“It was the ninth month, and the king was sitting in the winter house, and there was a fire burning in the fire pot before him. As Jehudi read three or four columns, the king would cut them off with a knife and throw them into the fire in the fire pot, until the entire scroll was consumed in the fire that was in the fire pot. Yet neither the king nor any of his servants who heard all these words was afraid, nor did they tear their garments. Even when Elnathan and Delaiah and Gemariah urged the king not to burn the scroll, he would not listen to them” (Jeremiah 36:22–25).
In 1820 Thomas Jefferson completed a work he titled The Life and Morals of Jesus of Nazareth. The title tells all. Jesus’ life, not his death or resurrection, is the concern. The significance of this is further brought out by the word “morals.” It isn’t that Jesus teaching doesn’t concern morality, but that He is merely put on the level of other great moral philosophers. And though Jesus was from Nazareth, here this functions as the identifier of His person, rather than that He was from Heaven, the eternal Son of God.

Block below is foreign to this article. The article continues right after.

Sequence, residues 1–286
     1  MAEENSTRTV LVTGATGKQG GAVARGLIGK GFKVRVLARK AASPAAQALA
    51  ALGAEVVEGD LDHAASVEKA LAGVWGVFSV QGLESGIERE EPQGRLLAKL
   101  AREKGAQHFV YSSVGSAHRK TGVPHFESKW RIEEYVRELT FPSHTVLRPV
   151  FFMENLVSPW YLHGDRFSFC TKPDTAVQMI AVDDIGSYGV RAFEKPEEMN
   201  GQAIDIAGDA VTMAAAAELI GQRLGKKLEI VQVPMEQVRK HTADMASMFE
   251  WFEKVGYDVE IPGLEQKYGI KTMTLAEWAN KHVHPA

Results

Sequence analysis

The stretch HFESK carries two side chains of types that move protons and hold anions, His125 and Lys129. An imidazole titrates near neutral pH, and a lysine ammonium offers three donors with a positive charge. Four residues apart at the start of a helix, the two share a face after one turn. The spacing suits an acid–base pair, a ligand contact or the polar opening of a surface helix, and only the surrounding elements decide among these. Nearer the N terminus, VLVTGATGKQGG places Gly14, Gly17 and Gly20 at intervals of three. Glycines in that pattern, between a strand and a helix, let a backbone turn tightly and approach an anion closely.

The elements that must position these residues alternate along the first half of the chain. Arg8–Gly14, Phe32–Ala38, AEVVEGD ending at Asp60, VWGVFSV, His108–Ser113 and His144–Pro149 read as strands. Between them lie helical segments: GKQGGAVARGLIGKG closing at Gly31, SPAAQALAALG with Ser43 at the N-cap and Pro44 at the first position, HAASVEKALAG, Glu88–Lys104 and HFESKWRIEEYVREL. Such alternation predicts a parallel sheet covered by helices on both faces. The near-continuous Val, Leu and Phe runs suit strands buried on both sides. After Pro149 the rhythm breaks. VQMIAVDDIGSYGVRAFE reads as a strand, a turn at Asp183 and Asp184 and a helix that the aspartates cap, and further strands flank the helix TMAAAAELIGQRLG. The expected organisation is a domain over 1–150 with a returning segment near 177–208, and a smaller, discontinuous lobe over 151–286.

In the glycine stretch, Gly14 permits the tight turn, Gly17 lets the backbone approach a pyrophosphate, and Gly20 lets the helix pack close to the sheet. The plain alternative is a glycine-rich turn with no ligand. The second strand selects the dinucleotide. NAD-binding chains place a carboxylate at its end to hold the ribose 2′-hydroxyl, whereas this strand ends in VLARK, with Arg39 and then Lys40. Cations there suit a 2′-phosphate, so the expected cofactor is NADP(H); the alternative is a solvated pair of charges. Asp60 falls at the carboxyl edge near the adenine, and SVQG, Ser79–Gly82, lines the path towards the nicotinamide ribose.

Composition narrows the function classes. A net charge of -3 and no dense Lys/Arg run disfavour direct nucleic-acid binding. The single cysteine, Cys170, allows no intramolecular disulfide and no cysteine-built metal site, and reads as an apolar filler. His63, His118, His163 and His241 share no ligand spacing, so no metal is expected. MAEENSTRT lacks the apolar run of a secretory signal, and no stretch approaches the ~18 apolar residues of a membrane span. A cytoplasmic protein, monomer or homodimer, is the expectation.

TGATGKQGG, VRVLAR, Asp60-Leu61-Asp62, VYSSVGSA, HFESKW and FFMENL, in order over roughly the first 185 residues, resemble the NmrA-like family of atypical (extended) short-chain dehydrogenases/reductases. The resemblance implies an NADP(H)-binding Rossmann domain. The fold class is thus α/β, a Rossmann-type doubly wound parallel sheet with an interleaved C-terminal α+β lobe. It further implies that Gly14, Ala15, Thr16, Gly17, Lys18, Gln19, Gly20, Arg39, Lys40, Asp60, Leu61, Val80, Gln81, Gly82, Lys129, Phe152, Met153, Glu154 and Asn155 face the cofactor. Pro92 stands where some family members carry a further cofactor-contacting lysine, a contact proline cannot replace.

In 2005 Christian Smith, a sociology professor at Notre Dame, described American religious belief as “moralistic therapeutic deism.” We are a young nation. It was a short journey. With Jefferson, you can see that the seeds for much of this were sown as early as the Revolution. Scratch out “therapeutic” and you’ve got Jefferson’s religion—moralistic deism.